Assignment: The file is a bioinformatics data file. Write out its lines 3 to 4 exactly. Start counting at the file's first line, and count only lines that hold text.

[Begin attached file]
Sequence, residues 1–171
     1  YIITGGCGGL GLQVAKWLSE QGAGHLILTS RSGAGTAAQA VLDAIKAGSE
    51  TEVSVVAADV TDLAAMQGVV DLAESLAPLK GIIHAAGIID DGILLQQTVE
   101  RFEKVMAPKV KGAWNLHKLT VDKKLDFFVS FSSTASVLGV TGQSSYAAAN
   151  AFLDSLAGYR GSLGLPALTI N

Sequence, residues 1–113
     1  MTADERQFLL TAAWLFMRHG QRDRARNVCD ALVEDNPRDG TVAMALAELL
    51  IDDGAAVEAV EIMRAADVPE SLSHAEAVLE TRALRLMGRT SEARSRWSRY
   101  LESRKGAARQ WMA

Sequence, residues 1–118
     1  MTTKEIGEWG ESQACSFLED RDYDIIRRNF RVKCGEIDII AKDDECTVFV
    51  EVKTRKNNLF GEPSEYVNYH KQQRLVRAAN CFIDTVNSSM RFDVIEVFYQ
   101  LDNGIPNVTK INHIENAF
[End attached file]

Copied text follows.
    51  TEVSVVAADV TDLAAMQGVV DLAESLAPLK GIIHAAGIID DGILLQQTVE
   101  RFEKVMAPKV KGAWNLHKLT VDKKLDFFVS FSSTASVLGV TGQSSYAAAN